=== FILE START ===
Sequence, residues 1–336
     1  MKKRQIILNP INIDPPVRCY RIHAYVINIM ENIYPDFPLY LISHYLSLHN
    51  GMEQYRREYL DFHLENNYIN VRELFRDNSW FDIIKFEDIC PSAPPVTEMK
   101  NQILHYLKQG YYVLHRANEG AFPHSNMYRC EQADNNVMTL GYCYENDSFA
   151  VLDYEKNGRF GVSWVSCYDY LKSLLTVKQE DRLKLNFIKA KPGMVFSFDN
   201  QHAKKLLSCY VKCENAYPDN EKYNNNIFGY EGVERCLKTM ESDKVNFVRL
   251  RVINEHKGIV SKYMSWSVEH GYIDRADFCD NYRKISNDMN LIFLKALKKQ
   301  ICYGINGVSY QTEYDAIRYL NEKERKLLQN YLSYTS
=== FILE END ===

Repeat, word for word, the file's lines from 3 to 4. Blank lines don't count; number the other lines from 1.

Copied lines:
    51  GMEQYRREYL DFHLENNYIN VRELFRDNSW FDIIKFEDIC PSAPPVTEMK
   101  NQILHYLKQG YYVLHRANEG AFPHSNMYRC EQADNNVMTL GYCYENDSFA